– Greetings, Pokefans! Michael here, andin today's video I'm gonna be going over which gym leadersare consistently the most difficult to defeat in every single mainseries Pokemon game.
This should be obviousto most of you, but just in case it's not, the most difficult gymleader is not the one that has the highestlevel Pokemon.
It's the one that players mostcommonly struggle to defeat at that particularpoint in their journey with the Pokemon thatthey have access to.
How difficult a gym battle is is a subjective thing thatdepends on many factors, but primarily what your team is.
For example, Brock.
If you started withBulbasaur or Squirtle, he's very easy to defeat.
But if you startedwith Charmander or you're playing “Yellow, ” he's much more difficult.
In short, the difficultyof a gym leader is a subjective metric that is based on people'sopinions and experiences, not hard data.
Therefore, Ifigured the best way to determined which one is themost difficult in every game is by letting you guys decide.
My first step was narrowing down a particular game's gym leaders to just two to four.
This trimming was done based on my own personalexperiences, somewhat, but primarily based onreplies I got on social media.
I would ask, “Hey, what do you think isthe most difficult gym leader “in this particular game?” And the names that I saw themost often in the replies were the ones who made the cut.
Then after I narroweddown the gym leaders, I ran several pollson my community tab, asking you guys to voteon which gym leader you found the most difficultin any particular game.
By doing this, theresults for this video are not just my ownpersonal experiences, but the experiences ofthe community as a whole.
So if you disagree withany of these picks, I'm sorry, but you got outvoted.
But now that I'veexplained my method, we can dive into the list.
So don't forget tosubscribe to my channel, and let's get started withthe Generation One games, “Red, ” “Blue, ” and “Yellow.
” First, I shouldlist the gym leaders that I narrowedthe poll down to, and those were Brock, LieutenantSurge, Koga, and Sabrina.
To explain the Brock pick, since I just usedhim as an example of a battle that'ssometimes very difficult but sometimes very easy, I figured, for half ofthe Gen One starters, if he's difficult, then he should at leastmake the cut for the poll.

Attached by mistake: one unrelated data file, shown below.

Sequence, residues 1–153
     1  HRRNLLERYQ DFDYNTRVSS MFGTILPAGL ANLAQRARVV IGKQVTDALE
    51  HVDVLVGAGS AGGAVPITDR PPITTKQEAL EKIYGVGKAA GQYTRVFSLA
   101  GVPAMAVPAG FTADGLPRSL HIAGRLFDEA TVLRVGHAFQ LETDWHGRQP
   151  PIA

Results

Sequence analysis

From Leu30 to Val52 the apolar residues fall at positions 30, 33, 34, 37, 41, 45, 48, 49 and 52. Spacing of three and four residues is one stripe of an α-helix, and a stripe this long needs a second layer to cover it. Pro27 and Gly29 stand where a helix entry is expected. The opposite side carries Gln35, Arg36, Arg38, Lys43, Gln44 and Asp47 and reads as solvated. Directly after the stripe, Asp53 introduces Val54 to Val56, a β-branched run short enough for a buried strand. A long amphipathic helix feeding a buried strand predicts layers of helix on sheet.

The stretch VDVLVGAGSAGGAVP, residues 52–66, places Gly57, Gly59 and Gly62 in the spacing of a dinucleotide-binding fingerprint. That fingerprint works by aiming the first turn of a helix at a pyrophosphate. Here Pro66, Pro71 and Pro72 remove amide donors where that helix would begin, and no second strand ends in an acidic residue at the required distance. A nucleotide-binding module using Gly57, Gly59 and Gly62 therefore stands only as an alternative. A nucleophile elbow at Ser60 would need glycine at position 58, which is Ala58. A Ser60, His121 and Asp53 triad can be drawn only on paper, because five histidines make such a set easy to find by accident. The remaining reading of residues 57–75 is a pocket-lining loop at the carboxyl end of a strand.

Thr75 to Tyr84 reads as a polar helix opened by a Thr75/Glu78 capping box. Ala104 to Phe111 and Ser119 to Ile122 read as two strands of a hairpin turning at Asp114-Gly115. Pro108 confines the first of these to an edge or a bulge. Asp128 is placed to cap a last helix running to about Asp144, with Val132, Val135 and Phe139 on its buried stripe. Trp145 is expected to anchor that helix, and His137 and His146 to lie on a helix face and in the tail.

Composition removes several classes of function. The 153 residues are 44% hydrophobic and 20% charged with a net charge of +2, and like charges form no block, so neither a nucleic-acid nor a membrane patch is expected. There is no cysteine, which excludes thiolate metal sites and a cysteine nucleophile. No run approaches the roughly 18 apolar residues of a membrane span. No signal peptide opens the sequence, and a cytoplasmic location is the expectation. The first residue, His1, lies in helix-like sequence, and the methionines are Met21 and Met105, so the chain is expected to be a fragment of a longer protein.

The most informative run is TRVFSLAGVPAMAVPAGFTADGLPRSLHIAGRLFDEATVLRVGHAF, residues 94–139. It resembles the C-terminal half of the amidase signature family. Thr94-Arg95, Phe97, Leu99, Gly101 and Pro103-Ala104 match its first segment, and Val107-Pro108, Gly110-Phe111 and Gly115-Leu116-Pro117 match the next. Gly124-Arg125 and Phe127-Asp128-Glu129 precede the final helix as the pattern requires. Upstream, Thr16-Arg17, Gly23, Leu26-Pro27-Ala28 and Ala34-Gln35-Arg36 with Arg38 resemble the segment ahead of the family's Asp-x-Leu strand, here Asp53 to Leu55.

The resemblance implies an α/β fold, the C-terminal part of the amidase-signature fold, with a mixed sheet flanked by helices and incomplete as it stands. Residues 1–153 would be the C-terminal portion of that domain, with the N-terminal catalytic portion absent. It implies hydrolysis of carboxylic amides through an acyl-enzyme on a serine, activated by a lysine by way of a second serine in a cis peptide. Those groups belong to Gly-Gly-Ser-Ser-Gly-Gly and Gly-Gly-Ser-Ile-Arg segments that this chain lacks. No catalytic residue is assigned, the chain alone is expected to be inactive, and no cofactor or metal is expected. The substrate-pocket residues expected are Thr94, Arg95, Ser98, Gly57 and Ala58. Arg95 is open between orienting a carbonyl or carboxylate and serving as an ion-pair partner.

So I ran the poll betweenthese four gym leaders, and the results showed thatSabrina won in a landslide.
And I must say, Iabsolutely agree with this.
The main reason Sabrinais the toughest gym leader in Generation One is because of hertype specialty.
The Psychic type was ridiculously overpoweredin Generation One, probably the most overpoweredany particular type has been in the history of Pokemon.
There were multiplereasons for this.
The first was that the Darktype just didn't exist yet.
They created it in Gen Two, in order to make the Psychictype less overpowered.
That means Psychic is down tohaving just two weaknesses, Ghost and Bug.
However, in Generation One, Psychic wasn'tactually weak to Ghost! It was immune to it! It's widely believed this wasan error in the game's coding, not intentional, because I'm pretty surethere's a character in-game that recommends using Ghostagainst Bug-type Pokemon.
But the end resultis that in Gen One, the Psychic type onlyhad one weakness, and that was to the Bug type.
And in Generation One, the Bug type was garbage.
The strongest Bug types, Pinsir and Scyther, literally learnedno Bug-type moves.
That's because therewere only three Bug-type attacksin Generation One, Leech Life, Pin Missile, and Twin Needle.
Leech Life was atrociously weak, so it doesn't even matter.
Then Pin Missile couldmax out at 70 base power if it hit five times, but it's only 85% accurate, so the chances of thathappening are minimal.
And then Twin Needle only hasan effective base power of 50.
Oh, and another importantpiece of information, Twin Needle could onlybe learned by Beedrill.
Yeah, a Pokemon that notonly has terrible stats, but is also weak to Psychic! In short, the only way tohit Psychic-type Pokemon with super effective damage using a Pokemon that isnot also weak to Psychic, is by using PinMissile on a Jolteon, a Pokemon with terriblePhysical Attack.
So what's even the point? To beat Sabrina, you are forced touse neutral hits.
So Sabrina's alreadygot a massive advantage based purely onher type specialty, but then you look at her teams, and they don'tmake things easier.
This is her team from”Red” and “Blue.
” Venomoth isn't a huge deal, but the other threeall hit very hard with their Psychic-type moves and have two ways to bolstertheir poor physical defense.